Inspired by all the enthusiasm of the kids, I wrote to Stereophile, suggesting that a vintage column, aimed at common but good old equipment might be a way to draw young and impecunious people into the hobby. Given that Ken Kessler started his Anachrophile column in HiFi News and Record Review during John Atkinson's tenure (I think) and Atkinson had often referrred to older equipment while at HiFi News, I thought he might be receptive. As far as I know the letter was not published, nor was there any movement in that direction at the time. Now, they do review vintage stuff, perhaps stimulated by the popularity of sites like AK and others. But I get why they didn't rush right in to do as I suggested - every vintage purchase is (possibly) a new equipment purchase not made, and advertisers pay for magazines. This is the capitalist system - if you want something, you pay for it. And clearly, there are not enough people to pay for professional audio press without advertisements - many have tried, and I don't think any are still functioning. Amateur sites like AK can do well, and may even do a better job, but they cannot routinely offer the sort of expertise and careful measurement that audio magazines used to provide month after month, even if they did cushion the blows to advertisers sometimes.
    Some of this is moot, of course. The vintage market is segmented, chaotic and unpredictable, and wildly personal, that advertising is going to be minimal, ruling out any professional reviewing. And almost all new equipment is either so absurdly expensive or so grimly built to a cheap Walmart price that I have no interest. So I'm not in the market for a magazine.
     
  8. editor@hfa

    editor@hfa New Member

    Messages:
    30
    Yes, a while back we wondered the same thing and created a specialist e-zine dedicated to vintage gear (989 pages so far) and here it is: http://www.hifianswers.com/category/vintage-audio-equipment/

    Here are links re vintage that some of you might find of interest, hopefully.

    Vintage domestic Celestion https://www.facebook.com/groups/216919988891344/ (only a few days since it started)
    Mainly classic receivers https://www.facebook.com/groups/166769220324379/?ref=br_rs
    Vintage cassette decks https://www.facebook.com/AkaiGXF44R/

    Howard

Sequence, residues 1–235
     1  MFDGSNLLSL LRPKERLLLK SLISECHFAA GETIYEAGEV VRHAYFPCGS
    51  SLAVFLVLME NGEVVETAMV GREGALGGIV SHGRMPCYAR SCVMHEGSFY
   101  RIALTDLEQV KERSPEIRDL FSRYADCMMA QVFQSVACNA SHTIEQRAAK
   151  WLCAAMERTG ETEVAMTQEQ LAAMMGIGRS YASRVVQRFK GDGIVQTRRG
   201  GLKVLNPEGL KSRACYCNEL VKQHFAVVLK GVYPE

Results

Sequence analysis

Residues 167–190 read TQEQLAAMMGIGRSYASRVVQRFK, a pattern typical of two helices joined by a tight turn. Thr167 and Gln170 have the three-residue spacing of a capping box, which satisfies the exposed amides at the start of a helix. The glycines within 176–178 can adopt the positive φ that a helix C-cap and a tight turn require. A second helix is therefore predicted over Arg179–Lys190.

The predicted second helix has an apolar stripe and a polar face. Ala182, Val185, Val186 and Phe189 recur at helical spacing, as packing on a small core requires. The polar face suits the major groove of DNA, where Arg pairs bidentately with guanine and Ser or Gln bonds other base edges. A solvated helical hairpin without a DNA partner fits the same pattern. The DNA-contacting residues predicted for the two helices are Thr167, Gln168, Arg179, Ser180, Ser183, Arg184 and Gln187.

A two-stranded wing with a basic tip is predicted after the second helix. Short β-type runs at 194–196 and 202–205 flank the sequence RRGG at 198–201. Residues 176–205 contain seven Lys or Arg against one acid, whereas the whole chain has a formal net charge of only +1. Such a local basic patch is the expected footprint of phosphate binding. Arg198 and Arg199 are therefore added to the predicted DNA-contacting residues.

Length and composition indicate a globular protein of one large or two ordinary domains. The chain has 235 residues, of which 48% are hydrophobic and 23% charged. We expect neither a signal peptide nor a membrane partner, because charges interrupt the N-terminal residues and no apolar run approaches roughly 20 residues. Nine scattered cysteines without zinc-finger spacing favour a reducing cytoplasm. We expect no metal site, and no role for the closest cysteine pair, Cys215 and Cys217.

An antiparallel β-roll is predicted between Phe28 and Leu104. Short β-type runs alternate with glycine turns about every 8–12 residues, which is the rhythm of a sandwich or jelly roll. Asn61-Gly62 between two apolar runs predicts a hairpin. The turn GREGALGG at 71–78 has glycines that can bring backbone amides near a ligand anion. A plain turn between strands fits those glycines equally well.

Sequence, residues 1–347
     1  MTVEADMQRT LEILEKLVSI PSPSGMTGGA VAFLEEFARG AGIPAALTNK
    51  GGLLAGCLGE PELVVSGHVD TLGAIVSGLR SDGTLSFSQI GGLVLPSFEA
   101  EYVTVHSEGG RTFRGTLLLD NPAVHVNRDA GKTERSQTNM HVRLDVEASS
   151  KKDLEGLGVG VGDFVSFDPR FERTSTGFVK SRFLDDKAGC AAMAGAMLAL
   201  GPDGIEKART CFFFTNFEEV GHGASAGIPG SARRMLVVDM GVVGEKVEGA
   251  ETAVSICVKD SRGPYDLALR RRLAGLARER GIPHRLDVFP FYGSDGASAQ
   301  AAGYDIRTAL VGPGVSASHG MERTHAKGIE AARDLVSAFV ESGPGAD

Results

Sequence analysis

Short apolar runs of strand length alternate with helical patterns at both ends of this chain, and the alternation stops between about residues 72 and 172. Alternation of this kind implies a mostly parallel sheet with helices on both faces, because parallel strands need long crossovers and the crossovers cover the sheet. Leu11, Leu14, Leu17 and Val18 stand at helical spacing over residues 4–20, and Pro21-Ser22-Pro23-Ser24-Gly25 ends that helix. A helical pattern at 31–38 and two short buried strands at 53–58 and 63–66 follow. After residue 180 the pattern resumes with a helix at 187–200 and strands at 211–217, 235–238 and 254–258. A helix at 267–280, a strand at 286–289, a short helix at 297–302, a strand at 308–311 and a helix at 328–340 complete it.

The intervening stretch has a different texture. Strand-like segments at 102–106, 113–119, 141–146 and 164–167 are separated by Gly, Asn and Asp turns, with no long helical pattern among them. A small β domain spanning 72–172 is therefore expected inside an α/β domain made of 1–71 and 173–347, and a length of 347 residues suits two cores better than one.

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  9. hemiram

    hemiram Active Member

    Messages:
    221
    Location:
    Toledo, ohio
    It's sad I only have one friend who really cares about audio, the other ones don't at all, except the one below. If it plays a movie loud, that's all they need. They listen to music with mostly junk earbuds. One of them is showing major signs of hearing loss at 30 years old! He's endlessly impressed with my car's stereo, which is the mid level Chrysler set up, with a so-so sub, and upgraded dash speakers. It's ok, but is just that, OK. It sounds good enough when I'm driving, but if you're sitting still, the sloppy yet weak bass is obvious. It plays decently loud and with the new dash speakers and some sound deadening, it's much smoother than stock, but I'm not all that impressed with it. If I had the cash and the desire, I would duplicate what a friend had in his identical car 5 years ago. Lots of $$$ I don't have, so I don't, and besides, the car should be gone by this time next year. The new one will get the same upgrades along with a better sub, and that's it, and that will be good enough.


    I have a friend who is currently building a set of speakers. He's bought an MCS receiver and a Pioneer Integrated amp after expressing an interest in vintage stereo, can't think of the model numbers, but both are about 1979-80 vintage. The only speakers he has to use on them are tiny ones that he uses for his TV along with a soundbar. It sounds as bad as it can. The soundbar was like $13 on ebay, so he decided to build some "big" speakers.